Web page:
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Can I put fluffy insulation over rigid board which is on the interior of my walls?

user-7033427 | Posted in Energy Efficiency and Durability on

I have a pole barn building with living space upstairs and a garage downstairs. The building is sided with bat and boards. The garage is insulated with rigid foam boards. Can I fill in the leaky spots with some spray foam and then add a layer of fluffy stuff over the rigid boards after framing the walls? I live in Delaware County, NY. It gets down to -20s and worse with highs in the single digits for periods of time (too long this winter). I would eventually like to make the garage living space. Thanks.

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Replies

  1. Steve Knapp CZ 3A Georgia | | #1

    Retrofitting pole barns for insulation seems to be one of the more popular posts on GBA. I will give this one a bump to see what the professionals think.

    GBA has an article on combining air permeable and rigid insulation (https://www.greenbuildingadvisor.com/articles/dept/musings/combining-exterior-rigid-foam-fluffy-insulation), but it presupposes that the rigid insulation will be on the outside of the foam. I'm not sure you can assemble the other way around, which is what I think you are suggesting.

  2. Expert Member
    Michael Maines | | #2

    User-7xx, can you give us your name? The software isn't showing it for some reason.

    There are many ways to build pole barns so it's hard to give specific advice. In general, yes, you can fill any gaps with canned foam. If you have a lot of gaps, you might want to invest in a froth pack. It may or may not be safe to combine rigid and fluffy insulation--we would need more information (preferably a drawing) to better understand your situation.

  3. user-7033427 | | #3

    Yes, thanks. I saw the article but wasn't sure it was applicable to me. I just want to use the foam to fill in the irregular corners and spaces that the boards don't fit nicely into. Then frame inside to add the fiberglass. The outside wall is just bat and board. I am under the impression that the rigid boards act as a vapor barrier. Is that correct or would I need something else between the boards and the fiberglass? Or even some other "sheathing between the boards and fiberglass to make it more like outside insulation? Thanks.

  4. user-7033427 | | #4

    Sorry, my name is Michelle. I don't know how to put a drawing on here. Basically, right now it's wood pole post with some large boards going from pole to pole and bat and board on the outside.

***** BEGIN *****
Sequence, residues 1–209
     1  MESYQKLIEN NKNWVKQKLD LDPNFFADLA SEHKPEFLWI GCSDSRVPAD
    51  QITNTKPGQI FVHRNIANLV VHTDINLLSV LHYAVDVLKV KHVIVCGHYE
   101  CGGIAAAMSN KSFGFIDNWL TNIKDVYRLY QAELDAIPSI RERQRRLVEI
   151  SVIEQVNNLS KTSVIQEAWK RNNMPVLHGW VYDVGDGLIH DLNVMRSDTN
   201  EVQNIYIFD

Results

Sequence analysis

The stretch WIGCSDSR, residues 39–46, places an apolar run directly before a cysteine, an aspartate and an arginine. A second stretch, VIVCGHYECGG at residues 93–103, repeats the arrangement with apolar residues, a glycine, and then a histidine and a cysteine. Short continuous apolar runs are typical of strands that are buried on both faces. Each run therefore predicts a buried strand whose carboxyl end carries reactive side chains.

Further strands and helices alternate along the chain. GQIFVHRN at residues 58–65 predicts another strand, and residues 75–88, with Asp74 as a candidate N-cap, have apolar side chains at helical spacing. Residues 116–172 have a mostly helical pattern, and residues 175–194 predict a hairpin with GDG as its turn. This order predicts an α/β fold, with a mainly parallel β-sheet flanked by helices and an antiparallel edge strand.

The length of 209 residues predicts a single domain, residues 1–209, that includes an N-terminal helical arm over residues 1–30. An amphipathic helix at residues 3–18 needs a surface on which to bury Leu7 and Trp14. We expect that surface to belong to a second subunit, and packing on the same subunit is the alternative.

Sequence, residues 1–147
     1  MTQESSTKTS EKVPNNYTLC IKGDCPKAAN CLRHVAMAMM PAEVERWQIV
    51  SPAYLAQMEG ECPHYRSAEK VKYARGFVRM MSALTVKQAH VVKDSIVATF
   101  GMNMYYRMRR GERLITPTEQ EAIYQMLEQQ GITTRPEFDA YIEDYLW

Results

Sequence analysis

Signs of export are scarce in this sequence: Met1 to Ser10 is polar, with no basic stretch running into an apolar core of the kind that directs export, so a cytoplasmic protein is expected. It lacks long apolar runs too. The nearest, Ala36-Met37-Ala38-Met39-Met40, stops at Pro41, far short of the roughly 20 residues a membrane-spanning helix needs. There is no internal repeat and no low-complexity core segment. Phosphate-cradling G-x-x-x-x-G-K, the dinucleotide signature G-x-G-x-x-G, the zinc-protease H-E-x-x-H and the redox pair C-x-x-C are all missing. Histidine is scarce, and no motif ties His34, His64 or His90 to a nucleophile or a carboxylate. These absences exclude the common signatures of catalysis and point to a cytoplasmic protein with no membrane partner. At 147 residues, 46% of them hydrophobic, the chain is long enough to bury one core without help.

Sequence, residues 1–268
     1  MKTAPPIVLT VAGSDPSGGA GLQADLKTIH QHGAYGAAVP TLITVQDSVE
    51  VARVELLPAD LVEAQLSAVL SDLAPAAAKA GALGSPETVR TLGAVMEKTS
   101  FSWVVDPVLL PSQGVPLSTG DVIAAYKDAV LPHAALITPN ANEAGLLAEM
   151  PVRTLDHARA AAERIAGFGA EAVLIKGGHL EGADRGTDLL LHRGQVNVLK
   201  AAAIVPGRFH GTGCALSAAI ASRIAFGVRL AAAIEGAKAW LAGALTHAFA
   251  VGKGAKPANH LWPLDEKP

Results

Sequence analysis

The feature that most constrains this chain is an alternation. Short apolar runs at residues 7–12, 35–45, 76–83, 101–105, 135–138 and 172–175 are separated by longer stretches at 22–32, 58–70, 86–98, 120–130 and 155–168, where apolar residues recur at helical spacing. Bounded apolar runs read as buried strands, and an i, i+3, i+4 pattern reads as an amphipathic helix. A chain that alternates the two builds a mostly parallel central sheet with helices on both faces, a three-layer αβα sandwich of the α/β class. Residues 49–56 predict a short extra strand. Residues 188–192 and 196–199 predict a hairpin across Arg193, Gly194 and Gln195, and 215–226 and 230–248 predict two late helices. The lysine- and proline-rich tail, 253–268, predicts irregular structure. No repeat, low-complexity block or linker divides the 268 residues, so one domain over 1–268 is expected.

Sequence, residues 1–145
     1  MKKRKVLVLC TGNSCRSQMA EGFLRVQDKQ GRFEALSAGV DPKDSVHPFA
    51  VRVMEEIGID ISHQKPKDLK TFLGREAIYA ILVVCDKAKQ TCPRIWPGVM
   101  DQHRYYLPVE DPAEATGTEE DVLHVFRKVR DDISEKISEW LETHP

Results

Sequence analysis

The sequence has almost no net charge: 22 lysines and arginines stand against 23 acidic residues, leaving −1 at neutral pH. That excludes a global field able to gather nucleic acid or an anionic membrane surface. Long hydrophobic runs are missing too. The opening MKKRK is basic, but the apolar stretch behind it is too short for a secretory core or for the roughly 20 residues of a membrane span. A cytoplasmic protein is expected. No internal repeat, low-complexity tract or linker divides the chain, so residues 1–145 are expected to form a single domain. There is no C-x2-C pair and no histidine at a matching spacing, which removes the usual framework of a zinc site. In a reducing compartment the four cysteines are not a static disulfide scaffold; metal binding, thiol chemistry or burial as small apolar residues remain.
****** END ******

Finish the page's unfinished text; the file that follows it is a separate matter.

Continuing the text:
5. user-7033427 | | #5

    The other option might be to take down the bats, using the boards for sheathing and putting the rigid on the outside, but that would require adding siding.

  6. Expert Member
    Michael Maines | | #6

    Michelle, I think you probably mean "board and batten" siding, which are vertical boards with narrow boards covering the gaps between wider boards. Or sometimes the battens go on first, called reverse board and batten. Or do you mean you have board siding with batt insulation? Edit to add: based on your response above it sounds like you have standard board and batten siding.

    One typical way to build pole barns is with horizontal members screwed to the outside of round or square posts. The horizontal members are often 2x6s. Then siding is installed directly over that, with no plywood or osb in the assembly. Or sometimes full, conventional 2x4 or 2x6 walls with sheathing are installed between posts, called infill framing. Or the horizontal members, called girts or nailers, may be larger dimension poles framed between posts.

    The reason it matters is because there are several things you need to protect against, and every situation is different. In order, you need to:
    1. Keep rain out of the building. Siding helps but is never perfect, so there needs to be a secondary layer, called a WRB (weather resistive barrier)
    2. Keep wind out of the building, with an airtight (or at least air resistant) layer somewhere in the assembly. The WRB can do an ok job with this, though it takes some effort with installation for it to do a good job.
    3. Keep heat in (or out) of the building.
    4. Control what happens to water vapor--in your climate, warm, moist indoor air wants to get outside when it's cold out, and deposits the water it holds on its way through. If you use air conditioning in the summer the opposite happens. In either case, that deposited water can lead to mold and rot.

    Spray foam will help you with #3, but it may compromise one of the other layers. Wood siding needs to be able to dry out, insulation doesn't do well against water leaks, etc..

    By "rigid boards" I assume you mean rigid foam? Rigid foam retards moisture movement; some types and thicknesses are a full vapor barrier, but many are more technically vapor retarders. The difference matters, because your wall and floor need to be able to dry in at least one direction, either toward the interior or exterior, and preferably in both directions.